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Thread: Why work out in the lower Heart Rate Zones?

  1. Default Why work out in the lower Heart Rate Zones?

    So I am finding out that the "fat burning" zone is a bit of a misnomer
    So what are some other reasons to work out in the endurance EZ?
    Thanks!

  2. #2

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    Hello,
    if "lower" mean around 70% HRmax, can be used for (long) flat recovery.
    if "lower" mean around 75% HRmax for a few minutes, ...I use it for recover O2 debit after an intensity peak (intv training).

    but can be also mantained around 75-80% HRmax with long duration (ie: >60 min) in order to develop aerobic endurance.

    Ciao Matteo

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    Quote Originally Posted by veruca View Post
    So I am finding out that the "fat burning" zone is a bit of a misnomer
    So what are some other reasons to work out in the endurance EZ?
    Thanks!
    Enhancing your muscles' ability to store glycogen is one.

    It's best to think of endurance training as always being a tradeoff between volume and intensity. The value of lower intensity training greatly increases as your training volume goes up - and the reason you're able to increase training volume is because the intensity is lower.

    In a perfect world where all you had to do in your life was train, you'd do 80% or more of your training at lower intensity with just a few high intensity sessions mixed in to round things out (see attached). Unfortunately, most of us with reall lives have limited time for training - therefore we cheat a bit, realizing we're making a tradeoff, by jacking up the intensity to make up for our limited training time. Low volume with low intensity provides no stimulus for adaptation.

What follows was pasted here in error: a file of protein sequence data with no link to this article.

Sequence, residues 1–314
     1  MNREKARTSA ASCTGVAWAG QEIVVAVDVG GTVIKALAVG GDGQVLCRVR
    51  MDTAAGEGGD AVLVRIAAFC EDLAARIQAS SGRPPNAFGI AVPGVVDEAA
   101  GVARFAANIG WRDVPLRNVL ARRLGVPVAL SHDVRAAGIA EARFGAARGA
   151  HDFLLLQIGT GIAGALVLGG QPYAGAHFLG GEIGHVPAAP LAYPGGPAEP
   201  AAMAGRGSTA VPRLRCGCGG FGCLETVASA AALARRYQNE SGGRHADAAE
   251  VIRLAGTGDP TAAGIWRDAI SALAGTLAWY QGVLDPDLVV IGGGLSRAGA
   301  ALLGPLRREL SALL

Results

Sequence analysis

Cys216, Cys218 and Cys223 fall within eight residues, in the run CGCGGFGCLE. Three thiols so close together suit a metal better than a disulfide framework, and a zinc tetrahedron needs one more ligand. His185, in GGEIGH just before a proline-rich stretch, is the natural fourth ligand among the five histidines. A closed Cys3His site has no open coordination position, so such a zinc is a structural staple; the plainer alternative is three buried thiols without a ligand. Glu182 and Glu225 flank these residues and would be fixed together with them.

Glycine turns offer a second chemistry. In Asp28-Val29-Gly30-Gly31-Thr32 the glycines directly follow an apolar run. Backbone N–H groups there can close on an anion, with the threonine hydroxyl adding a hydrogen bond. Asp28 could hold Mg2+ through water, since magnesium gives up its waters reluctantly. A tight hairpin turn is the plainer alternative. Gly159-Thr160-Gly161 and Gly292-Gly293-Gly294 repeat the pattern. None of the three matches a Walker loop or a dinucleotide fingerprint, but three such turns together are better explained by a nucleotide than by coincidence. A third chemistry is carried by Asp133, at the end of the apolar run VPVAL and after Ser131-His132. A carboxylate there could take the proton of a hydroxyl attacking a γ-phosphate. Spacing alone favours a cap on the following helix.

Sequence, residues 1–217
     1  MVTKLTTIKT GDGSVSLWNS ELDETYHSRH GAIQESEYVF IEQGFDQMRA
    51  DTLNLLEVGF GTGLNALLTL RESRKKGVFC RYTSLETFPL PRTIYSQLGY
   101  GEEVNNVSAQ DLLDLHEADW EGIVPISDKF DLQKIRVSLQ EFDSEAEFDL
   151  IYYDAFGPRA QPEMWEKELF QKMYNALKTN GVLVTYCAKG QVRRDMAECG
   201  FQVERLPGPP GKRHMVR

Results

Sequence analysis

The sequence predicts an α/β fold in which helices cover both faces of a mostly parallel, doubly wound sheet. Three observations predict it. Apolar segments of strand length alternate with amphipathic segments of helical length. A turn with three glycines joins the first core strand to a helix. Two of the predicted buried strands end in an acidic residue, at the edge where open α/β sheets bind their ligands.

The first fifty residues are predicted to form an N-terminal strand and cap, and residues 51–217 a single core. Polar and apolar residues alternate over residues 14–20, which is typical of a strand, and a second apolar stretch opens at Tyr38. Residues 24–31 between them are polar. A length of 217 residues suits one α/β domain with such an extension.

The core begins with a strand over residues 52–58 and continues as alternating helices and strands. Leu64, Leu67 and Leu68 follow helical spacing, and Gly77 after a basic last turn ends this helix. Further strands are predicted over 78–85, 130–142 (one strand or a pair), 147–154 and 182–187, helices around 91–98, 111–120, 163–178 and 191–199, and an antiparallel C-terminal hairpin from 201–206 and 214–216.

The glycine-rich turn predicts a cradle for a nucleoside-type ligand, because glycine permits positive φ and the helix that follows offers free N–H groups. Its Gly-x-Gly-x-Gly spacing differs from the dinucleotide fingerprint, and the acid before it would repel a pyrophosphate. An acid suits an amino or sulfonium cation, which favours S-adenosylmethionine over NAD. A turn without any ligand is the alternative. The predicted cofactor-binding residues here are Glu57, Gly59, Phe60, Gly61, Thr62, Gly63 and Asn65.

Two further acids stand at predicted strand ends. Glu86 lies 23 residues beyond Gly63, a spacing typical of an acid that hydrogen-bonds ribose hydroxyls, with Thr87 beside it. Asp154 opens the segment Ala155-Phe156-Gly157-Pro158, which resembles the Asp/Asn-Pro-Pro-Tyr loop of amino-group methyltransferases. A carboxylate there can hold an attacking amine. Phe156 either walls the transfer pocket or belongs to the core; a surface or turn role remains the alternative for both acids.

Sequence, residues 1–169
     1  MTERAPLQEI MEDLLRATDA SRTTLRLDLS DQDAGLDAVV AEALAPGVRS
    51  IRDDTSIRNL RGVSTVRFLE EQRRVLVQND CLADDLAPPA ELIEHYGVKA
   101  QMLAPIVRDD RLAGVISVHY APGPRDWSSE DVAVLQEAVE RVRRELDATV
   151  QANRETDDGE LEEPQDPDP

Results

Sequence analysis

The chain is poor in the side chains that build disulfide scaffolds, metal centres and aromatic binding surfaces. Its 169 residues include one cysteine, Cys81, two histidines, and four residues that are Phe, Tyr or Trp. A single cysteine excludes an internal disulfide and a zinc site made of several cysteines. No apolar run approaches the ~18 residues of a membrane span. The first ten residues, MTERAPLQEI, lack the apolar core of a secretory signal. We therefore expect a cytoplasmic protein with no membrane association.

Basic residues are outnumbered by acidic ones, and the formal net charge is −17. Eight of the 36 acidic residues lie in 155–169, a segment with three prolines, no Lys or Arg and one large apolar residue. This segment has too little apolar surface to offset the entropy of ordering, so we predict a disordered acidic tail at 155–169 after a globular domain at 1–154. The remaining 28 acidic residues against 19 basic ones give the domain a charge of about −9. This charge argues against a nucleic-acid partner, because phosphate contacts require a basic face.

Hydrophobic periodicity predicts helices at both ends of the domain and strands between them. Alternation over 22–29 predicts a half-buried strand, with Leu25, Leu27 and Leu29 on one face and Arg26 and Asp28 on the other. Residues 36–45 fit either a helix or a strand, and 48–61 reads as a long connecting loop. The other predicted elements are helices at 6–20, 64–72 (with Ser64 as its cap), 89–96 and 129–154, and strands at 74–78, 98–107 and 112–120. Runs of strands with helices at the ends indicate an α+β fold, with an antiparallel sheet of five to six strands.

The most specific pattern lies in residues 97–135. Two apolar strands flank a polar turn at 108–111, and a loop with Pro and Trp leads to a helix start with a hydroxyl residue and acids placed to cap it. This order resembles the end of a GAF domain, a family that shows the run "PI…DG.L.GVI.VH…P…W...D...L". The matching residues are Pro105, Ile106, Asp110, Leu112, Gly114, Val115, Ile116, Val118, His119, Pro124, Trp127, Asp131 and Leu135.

Attached Files Attached Files
    Last edited by Todd S; 01-14-2010 at 11:54 AM.

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    Thanks!

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    There are so many reasons to work in the lower heart zones that this forum couldn't provide enough space to enumerate them. Just for the highlites, here's a quick list:
    1. You improve your blood chemistry on in the lowest zone - 60% or so of THRESHOLD - lower blood cholesterol and lower blood pressure. You don't get that effect if you are always in the upper zones.
    2. It stimulates the growth of slow twitch muscle fibers, which do a better job of transporting O2 to muscles, and are the primary ones used in long distance riding
    3. It increases mitochondria and thus capillary density - think of it as adding more pathways to deliver O2 to the muscles
    4. Its foundation style is "steady state" where you pick a heart rate and stay on that rate within a few beats for long periods of time - this will raise VO2 over time, which is the largest limiter to developing cycling power
    5. It teaches your metabolism to prefer fat over carbs - this is the way you get your body to conserve your glycogen which everyone has in limited stores
    6. Most importantly of all, it lays the foundation for more intense training. Yeah, you can go intense right away, and for short periods, but to go at an intense level, for longer intervals, and greater frequency requires a large, wide base of aerobic fitness - only able to be built with hours... not really... more like WEEKS of solid base building.